Council OK’s Universal Basic Income Program

Courtesy photo
Courtesy photo

Council OK’s Universal Basic Income Program

At its Nov. 15 meeting, the City Council authorized the City Manager to execute two contracts to administer the Guaranteed Basic Income (GBI) Pilot Program, which will distribute some of the city’s federally allocated American Rescue Plan Act (ARPA) funds to selected low-income households.

In particular, 150 Alameda households will receive $1,000 per month over a two-year span. The decision to move forward with this program follows a May 2022 meeting in which the council voted 3-2 to approve the exploration of the GBI pilot (“City Council Approves Guaranteed Basic Income Pilot Program,” May 26; https://alamedasun.com/news/city-council-approves-guaranteed-basic-incom...).

City staff spent the months since learning about other GBI programs in cities like Oakland and Long Beach, as well as meeting with Bay Area communities of practice and community stakeholders to inform the program design.

During the meeting, Alameda Development Managers Eric Fonstein and Walker Toma presented the chosen implementation (Operation Dignity) and research (ABT Associates) partners, which were selected via an extensive Request for Proposals (RFP) process begun in August (“City Seeks Partners for Guaranteed Basic Income Pilot Program,” Aug. 25; https://alamedasun.com/news/city-seeks-partners-guaranteed-basic-income-...).

Their presentation drew a spirited discussion among councilmembers along with public comments that reflected the views of the divided council. Several people who affiliated themselves with the advocacy coalition Transform Alameda expressed their strong support for this initiative.

Other members of the public echoed councilmembers Trish Herrera Spencer and Tony Daysog’s concerns about the efficiency of the pilot. Specifically, noting that the pilot will only serve approximately 10 percent of eligible households. Herrera Spencer and Daysog believe that public dollars would be better spent on services like mental health that would reach a broader group of people.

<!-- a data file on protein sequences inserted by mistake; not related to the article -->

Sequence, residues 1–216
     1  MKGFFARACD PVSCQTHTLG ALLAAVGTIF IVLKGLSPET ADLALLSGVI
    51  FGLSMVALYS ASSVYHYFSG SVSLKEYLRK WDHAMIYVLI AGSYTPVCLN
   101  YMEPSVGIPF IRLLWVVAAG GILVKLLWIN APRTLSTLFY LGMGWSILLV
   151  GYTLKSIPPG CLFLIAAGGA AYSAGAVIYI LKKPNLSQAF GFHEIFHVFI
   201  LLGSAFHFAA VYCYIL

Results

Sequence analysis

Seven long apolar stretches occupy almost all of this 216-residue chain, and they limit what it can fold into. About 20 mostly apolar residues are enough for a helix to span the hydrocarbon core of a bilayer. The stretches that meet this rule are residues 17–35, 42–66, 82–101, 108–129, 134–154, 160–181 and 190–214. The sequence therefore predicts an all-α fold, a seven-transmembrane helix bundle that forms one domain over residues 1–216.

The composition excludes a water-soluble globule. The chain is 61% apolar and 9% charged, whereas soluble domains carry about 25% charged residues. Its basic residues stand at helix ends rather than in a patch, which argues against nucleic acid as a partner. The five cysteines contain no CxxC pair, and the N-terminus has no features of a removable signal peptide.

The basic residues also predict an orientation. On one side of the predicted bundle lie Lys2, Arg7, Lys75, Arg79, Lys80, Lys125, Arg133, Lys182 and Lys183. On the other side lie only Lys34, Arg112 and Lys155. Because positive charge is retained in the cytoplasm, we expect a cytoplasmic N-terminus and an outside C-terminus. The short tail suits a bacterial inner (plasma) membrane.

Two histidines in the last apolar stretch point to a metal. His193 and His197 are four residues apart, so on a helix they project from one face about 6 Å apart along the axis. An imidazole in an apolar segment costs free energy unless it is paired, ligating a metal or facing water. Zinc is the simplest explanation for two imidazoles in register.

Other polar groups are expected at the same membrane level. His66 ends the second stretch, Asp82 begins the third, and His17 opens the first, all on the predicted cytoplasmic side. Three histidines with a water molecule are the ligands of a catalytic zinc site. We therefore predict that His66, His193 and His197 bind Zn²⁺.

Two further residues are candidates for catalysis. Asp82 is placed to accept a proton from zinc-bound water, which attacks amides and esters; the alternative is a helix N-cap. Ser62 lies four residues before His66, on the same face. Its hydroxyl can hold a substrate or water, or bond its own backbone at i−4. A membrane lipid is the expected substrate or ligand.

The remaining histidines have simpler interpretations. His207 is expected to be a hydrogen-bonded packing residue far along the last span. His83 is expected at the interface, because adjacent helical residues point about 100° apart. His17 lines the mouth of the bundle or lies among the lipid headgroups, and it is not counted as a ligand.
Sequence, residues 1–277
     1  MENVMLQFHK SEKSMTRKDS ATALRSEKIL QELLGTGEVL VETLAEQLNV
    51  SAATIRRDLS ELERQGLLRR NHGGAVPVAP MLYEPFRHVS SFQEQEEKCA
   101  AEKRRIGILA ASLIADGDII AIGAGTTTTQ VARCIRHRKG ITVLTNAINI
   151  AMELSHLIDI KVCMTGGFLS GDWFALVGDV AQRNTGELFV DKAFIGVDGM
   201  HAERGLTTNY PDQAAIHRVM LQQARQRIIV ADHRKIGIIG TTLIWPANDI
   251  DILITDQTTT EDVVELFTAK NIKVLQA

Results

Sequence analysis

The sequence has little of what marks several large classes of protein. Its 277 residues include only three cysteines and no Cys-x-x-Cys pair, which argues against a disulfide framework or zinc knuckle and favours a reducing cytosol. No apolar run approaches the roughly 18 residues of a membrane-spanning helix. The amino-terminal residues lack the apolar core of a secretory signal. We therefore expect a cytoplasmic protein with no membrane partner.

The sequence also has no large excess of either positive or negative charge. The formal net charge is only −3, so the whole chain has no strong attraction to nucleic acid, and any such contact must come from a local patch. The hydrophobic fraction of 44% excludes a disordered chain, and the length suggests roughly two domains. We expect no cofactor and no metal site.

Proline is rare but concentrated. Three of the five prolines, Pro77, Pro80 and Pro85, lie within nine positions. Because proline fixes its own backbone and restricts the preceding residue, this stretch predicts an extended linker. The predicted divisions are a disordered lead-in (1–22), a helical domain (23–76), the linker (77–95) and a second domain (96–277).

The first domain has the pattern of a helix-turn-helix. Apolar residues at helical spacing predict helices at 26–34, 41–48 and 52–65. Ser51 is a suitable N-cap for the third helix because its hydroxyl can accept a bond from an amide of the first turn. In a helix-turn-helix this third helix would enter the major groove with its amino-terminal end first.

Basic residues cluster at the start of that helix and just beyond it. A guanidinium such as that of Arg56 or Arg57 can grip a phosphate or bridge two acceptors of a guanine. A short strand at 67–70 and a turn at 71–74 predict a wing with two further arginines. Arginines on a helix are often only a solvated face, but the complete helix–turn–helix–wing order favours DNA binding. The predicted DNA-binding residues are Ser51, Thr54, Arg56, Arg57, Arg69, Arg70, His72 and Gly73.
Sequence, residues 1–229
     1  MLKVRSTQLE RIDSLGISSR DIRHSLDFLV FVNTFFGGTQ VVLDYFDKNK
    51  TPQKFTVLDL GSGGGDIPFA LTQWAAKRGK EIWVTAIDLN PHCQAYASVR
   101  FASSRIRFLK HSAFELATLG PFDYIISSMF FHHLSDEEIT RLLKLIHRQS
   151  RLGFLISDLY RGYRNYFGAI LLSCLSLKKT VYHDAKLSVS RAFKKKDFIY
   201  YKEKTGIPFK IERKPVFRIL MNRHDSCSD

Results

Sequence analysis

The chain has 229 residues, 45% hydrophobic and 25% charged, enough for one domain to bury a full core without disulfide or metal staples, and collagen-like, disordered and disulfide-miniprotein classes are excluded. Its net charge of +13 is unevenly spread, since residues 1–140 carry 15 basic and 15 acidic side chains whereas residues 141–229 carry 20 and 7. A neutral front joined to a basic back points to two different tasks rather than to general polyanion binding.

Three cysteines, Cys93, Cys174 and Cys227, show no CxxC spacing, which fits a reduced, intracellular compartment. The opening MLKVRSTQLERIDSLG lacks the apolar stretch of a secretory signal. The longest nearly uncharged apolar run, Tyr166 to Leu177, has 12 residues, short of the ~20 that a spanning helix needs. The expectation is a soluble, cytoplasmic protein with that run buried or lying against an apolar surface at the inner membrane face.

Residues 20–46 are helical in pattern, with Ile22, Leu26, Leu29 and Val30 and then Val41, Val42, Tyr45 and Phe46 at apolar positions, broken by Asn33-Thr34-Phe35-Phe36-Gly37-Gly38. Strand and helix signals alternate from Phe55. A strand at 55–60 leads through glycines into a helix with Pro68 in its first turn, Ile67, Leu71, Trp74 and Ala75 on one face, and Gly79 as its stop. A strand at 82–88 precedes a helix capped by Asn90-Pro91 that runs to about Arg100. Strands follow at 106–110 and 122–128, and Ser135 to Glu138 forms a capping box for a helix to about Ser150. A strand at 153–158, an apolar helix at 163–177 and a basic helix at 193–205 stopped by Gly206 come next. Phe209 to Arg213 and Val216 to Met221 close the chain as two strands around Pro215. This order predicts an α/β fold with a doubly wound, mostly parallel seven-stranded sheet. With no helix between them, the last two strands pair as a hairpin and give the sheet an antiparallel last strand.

Daysog, Herrera Spencer and several community members also voiced concerns about the amount of money allocated for the research and administration of the GBI pilot.

In response, Mayor Marilyn Ezzy Ashcraft said, “The data that we are generating will be used as a benchmark and shared with other programs. The idea and hope is that it will lead to some permanent funding streams from state level and maybe federal.”

This agenda item was approved by a vote of 3-2, with councilmembers Daysog and Spencer continuing to oppose the pilot. With its passage, city staff will start working with Operation Dignity and a community advisory board to develop aspects of the pilot such as eligibility criteria and benefit waivers with plans to launch it Spring or Summer 2023.

Ben Wiley is an Alameda Sun contributor. To reach Wiley, contact editor@alamedasun.com.